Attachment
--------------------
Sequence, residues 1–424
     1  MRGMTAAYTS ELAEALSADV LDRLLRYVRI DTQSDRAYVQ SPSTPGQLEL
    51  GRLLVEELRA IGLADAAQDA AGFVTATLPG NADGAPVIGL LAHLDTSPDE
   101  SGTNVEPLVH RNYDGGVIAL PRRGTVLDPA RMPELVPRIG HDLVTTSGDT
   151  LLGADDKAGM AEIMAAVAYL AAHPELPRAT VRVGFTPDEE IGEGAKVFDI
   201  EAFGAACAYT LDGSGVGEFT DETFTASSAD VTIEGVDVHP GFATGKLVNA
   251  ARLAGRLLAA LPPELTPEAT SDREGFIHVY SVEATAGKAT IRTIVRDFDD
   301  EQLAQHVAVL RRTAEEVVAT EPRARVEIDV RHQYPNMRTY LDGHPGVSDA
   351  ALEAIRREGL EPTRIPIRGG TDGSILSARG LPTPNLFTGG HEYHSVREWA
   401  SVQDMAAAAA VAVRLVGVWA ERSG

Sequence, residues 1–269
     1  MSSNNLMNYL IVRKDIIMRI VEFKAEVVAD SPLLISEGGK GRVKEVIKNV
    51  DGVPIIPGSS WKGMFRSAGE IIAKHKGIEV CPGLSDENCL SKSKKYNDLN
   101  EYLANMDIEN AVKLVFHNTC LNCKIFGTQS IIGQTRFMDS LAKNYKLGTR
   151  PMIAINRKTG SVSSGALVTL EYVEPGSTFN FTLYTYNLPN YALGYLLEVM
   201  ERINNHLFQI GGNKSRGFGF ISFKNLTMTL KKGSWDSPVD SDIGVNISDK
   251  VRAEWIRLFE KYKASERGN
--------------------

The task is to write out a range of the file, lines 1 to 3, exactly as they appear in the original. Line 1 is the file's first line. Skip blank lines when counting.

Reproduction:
Sequence, residues 1–424
     1  MRGMTAAYTS ELAEALSADV LDRLLRYVRI DTQSDRAYVQ SPSTPGQLEL
    51  GRLLVEELRA IGLADAAQDA AGFVTATLPG NADGAPVIGL LAHLDTSPDE